Half an hour later, Passion Pit came out to a fantastic roar, and their opening two songs were particularly hectic. On "I've Got Your Number" and "Make Light", the crowd rarely stopped moshing, and I was getting pushed around all over the place. This was while everyone was jumping up and down during the choruses--it was awesome. After "Make Light", the moshing died down; people already seemed to be slightly worn out. That didn't stop the crowd from reacting energetically to the rest of the show, though. There were instances in nearly every song where everyone bounced in time with arms raised, and tracks like "The Reeling" and "Let Your Love Grow Tall" had people singing along. Clapping in unison was a common and fun occurence, and from time to time, water was thrown around from bottles. Several folks were even daring enough to crowdsurf; it was the most insane show I had taken part in. An amusing moment came about when lead singer Michael Angelakos said hello to the balcony, to which the floor responded by booing them. My personal favourite, "Little Secrets", was finally played as the last song of the main setlist, and it was worth the wait, turning out to be very popular on the night. I loved chanting "higher, higher, higher" with the crowd.

    Throughout the night, I heard occasional cries for "Sleepyhead" to be played. When Passion Pit exited the stage, it was predictable what the crowd wanted, as once again they chanted for "Sleepyhead", but this time pretty much the entire floor was calling for it. When the band returned to much delight, they played "Eyes as Candles", which was ridiculously fun. The "na na na na na na na, hey hey!" was so contagious that it was hard not to sing along to that. Then, at last, the moment the crowd had been waiting for had arrived--"Sleepyhead". Everyone was giving it their all, knowing this was the final song. Verses were recited, and there was hardly anyone around me who wasn't jumping and singing the eponymous line "Sleepyhead". It was a brilliant way to end the night. I don't think I've experienced a better crowd, and that's partly down to the venue. Having attended various others around Nottingham, I was reminded why I fondly remembered Rock City when I saw The Subways in my very first live show. The music was extremely loud, as if it was demanding everyone to have a good time--and they did.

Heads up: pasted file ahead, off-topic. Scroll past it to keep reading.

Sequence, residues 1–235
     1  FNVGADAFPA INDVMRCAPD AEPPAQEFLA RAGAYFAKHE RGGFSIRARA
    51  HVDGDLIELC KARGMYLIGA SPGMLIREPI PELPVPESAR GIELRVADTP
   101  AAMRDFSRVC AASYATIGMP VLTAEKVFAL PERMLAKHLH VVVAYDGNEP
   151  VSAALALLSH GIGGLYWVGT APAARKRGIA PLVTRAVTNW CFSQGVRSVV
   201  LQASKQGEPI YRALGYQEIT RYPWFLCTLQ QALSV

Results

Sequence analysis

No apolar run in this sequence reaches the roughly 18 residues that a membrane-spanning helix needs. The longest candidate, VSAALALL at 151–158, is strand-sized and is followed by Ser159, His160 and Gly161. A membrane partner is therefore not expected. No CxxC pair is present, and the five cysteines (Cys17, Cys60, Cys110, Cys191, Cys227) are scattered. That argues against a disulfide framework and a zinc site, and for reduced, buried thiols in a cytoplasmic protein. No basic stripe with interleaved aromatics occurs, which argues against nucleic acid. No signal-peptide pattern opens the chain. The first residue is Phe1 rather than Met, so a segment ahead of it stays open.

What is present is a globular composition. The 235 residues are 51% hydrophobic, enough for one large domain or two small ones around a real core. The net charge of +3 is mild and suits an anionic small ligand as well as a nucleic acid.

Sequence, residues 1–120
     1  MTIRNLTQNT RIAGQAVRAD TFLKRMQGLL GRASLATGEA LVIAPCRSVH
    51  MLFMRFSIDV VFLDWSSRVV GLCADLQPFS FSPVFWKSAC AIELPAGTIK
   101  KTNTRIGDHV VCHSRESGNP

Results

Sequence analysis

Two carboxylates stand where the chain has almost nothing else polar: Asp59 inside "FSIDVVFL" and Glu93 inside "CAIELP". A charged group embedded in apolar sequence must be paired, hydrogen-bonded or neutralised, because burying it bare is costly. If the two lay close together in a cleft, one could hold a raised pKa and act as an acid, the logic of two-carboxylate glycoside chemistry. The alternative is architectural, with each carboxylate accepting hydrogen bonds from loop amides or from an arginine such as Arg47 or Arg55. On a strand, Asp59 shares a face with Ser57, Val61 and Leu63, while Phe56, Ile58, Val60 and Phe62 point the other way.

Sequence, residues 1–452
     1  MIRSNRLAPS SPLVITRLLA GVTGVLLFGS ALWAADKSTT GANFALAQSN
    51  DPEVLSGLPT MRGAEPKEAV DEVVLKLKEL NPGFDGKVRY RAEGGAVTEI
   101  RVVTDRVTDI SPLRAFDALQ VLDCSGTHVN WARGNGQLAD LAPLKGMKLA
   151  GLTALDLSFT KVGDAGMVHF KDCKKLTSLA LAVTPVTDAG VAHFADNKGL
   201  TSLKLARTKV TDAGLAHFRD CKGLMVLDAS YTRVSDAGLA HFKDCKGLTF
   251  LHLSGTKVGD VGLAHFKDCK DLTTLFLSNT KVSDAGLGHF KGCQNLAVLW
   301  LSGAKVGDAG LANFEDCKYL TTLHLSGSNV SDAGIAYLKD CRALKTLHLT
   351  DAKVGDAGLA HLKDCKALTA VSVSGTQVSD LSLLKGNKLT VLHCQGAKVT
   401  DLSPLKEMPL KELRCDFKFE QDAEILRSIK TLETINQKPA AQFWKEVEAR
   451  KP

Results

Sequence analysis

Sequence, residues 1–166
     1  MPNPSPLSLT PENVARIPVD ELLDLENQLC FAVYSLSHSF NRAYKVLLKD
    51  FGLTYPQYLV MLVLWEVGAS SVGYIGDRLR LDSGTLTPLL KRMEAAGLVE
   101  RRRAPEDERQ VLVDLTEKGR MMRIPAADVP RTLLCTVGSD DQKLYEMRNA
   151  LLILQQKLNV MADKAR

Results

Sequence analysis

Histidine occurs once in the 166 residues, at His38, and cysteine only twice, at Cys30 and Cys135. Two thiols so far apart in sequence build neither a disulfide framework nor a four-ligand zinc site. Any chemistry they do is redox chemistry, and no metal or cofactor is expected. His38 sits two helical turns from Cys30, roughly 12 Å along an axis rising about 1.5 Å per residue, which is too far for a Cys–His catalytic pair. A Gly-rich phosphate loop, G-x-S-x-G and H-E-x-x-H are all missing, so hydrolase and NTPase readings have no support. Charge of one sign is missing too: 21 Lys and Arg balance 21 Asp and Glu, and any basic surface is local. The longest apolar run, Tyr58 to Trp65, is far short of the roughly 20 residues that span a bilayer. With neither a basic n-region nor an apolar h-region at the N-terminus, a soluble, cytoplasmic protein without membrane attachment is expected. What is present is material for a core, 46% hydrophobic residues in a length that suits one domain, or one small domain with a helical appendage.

Passion Pit themselves deserve a boatload of credit for being a great live band. Angelakos didn't quite keep the falsetto voice going for the entire night, which probably wasn't surprising, but he was a superb frontman, active and often encouraging the crowd to sing along, which paid off wonders. If there was a criticism, it was that the setlist contained a couple of weaker tracks, but that was to be expected given that they've only released sixteen songs in their one album and one EP. It wasn't a big issue, though, as no one seemed to care. A sweaty but fabulous gig.

    Setlist – Passion Pit:

    I've Got Your Number
    Make Light
    Better Things
    The Reeling
    Moth's Wings
    Swimming In The Flood
    To Kingdom Come
    Let Your Love Grow Tall
    Fold In Your Hands
    Smile Upon Me